Are there folks in our society who have been so oppressed for so long that they ought to get a free pass to act out however they want to for as long as they need to?
Woke folk are saying privileged people need to shut up, for once, and let the traditionally marginalized classes orchestrate the resistance.
It sounds totally fair and reasonable, but it’ll never work. If we take time for the oppressed and marginalized to enact their retribution and recrimination, the cycle will never stop.
The hard work we need to do is more like character acting. It’s how I behave as a parent when I’m exhausted and dispirited, and just I pretend everything’s okay, because that’s the only way to get to fine. We have to play the role of conscientious, egalitarian democrats (little d) until justice prevails. Every single one of us needs to shed our entitlement to righteous exclusion. Today. Nobody gets a free pass to create outsiders.
I’ve been telling my kids since they were little: We ALL are brown. That’s only partly about race. It’s more about our common humanity.
I’m a first generation German American, who has strayed well off the path of condoned femininity. I also have no breasts. I also identify as bi-sexual. I’m consider myself a agnostic. Though the tribe of my birth is comprised largely of educated, multi-lingual, politically conservative, heterosexual, European Christians, I’ve found my spiritual anchor in a brilliant, talented, passionate woman from an entirely different cultural universe, who swears like a sailor, butchers English grammar, and smokes like a chimney: ample reasons for judgment and exclusion from several of my circles.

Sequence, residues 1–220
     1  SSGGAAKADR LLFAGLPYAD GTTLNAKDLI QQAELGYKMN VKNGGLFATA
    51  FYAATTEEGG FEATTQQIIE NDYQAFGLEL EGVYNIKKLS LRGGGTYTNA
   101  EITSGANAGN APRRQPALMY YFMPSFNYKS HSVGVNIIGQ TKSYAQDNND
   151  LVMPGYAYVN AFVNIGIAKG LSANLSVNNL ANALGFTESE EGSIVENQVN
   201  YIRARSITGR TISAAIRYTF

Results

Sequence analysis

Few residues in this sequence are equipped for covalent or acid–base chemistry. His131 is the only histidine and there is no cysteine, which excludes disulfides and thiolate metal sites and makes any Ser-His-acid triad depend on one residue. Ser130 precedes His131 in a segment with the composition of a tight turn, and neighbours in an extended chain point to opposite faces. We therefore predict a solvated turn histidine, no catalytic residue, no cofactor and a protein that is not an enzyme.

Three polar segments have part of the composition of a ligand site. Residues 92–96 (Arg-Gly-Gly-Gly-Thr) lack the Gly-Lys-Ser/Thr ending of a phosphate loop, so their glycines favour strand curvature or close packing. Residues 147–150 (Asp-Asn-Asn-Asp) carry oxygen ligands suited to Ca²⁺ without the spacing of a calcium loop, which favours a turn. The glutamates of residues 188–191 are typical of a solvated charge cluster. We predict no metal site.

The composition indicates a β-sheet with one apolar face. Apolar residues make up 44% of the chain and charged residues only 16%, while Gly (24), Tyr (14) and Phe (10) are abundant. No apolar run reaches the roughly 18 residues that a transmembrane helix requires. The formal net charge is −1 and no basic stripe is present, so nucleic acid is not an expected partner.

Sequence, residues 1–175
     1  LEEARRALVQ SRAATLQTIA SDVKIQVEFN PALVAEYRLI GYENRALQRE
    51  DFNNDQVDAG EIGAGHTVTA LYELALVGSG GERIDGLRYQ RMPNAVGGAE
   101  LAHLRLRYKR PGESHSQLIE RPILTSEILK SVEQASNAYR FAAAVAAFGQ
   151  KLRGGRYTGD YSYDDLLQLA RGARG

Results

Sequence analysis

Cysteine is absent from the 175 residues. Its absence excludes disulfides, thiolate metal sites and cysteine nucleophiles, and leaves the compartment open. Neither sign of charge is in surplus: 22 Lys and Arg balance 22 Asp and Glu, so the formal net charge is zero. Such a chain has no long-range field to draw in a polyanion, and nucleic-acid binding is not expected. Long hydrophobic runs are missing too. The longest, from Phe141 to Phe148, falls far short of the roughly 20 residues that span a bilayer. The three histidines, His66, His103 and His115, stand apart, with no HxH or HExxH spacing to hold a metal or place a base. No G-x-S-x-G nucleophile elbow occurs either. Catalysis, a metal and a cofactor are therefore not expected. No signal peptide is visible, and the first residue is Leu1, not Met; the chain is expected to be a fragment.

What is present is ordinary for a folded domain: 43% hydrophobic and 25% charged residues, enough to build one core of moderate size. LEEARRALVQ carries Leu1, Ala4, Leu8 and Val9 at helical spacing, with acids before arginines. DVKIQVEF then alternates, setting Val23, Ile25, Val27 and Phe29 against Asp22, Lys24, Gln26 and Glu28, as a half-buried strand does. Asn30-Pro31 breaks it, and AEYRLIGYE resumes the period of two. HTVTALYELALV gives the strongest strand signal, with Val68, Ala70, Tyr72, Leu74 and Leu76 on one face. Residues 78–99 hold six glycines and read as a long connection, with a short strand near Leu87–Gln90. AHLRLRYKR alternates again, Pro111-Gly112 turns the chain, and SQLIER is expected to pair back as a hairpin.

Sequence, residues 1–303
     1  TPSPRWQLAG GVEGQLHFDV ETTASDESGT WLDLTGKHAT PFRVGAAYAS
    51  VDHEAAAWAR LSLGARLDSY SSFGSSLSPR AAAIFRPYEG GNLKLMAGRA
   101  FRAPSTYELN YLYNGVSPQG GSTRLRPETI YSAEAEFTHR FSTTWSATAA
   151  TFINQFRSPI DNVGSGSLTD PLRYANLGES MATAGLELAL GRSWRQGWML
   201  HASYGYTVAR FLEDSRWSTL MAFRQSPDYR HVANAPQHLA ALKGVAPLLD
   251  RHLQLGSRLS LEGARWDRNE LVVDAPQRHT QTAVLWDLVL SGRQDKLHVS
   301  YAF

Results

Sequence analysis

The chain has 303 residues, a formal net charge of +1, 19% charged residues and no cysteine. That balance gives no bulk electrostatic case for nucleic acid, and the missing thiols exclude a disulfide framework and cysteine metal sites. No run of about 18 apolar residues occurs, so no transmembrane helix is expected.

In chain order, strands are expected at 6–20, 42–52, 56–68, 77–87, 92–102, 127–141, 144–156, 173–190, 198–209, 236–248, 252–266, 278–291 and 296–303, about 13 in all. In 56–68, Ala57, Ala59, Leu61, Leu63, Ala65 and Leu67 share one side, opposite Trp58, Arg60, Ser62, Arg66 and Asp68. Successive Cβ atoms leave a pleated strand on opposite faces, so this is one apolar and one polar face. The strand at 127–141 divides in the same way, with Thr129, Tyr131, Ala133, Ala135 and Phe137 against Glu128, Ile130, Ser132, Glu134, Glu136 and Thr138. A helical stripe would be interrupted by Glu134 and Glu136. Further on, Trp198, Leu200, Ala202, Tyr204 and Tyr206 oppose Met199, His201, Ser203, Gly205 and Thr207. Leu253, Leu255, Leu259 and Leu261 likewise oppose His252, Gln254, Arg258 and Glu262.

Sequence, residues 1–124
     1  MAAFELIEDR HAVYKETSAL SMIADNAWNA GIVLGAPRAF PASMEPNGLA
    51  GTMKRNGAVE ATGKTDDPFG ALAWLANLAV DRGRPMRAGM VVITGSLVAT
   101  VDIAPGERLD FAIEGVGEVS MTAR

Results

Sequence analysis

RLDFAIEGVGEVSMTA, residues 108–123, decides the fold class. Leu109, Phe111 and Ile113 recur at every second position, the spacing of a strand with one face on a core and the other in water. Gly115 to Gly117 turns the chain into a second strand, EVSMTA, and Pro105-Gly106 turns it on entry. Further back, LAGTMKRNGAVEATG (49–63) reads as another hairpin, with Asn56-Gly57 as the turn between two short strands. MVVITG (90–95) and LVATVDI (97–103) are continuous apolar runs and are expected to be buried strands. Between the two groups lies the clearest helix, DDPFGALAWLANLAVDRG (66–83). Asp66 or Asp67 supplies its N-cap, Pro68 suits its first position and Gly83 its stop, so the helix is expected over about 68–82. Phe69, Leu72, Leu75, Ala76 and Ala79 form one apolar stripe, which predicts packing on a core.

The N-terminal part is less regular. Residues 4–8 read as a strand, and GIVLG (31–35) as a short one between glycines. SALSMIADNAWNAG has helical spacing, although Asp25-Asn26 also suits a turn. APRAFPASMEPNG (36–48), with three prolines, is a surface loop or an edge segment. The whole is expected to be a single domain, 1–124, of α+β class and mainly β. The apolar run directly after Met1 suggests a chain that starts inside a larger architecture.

(Ironically, she comes from a family culture where acceptance is assumed. You don’t have to be “good enough” to belong. You don’t have to prove yourself by demonstrating the approved virtues or the accepted cultural mannerisms of the tribe. If someone in the family loves you and invites you in, you’re part of the clan.)
I am irreligious: spiritual, but enthusiastically, thoughtfully, and deliberately agnostic – convinced that my belief system merits as much respect as yours. I am the mother of two children of color –one Asian, and one African American – whom I have loved and cared for as my flesh and blood since their infancy. What happens to my children, happens to me. I am the mother of a young Asian woman and a black man coming of age in Trump’s America. My heart is brown.
For as long as I can remember, due to the intersections of some of these identities, I’ve experienced hateful looks, dismissal, rejection, silent judgment, scorn, derision, and exclusion (both for attributes that I cultivate and for ones that I can’t change) – even from members of my own tribes. Sometimes I’m acutely aware of the discrimination; sometimes I’m only dimly aware; sometimes I simply accept it as my reality.
At the same time, I know that many are more oppressed and more excluded than I. Many have grown up in entirely marginalized and systemically oppressed cultures. It would be reasonable for me to take the advice of the community organizers who are saying, “Show up and shut up. Let the habitually oppressed guide the remorseful, well-meaning privileged folk, for a change.”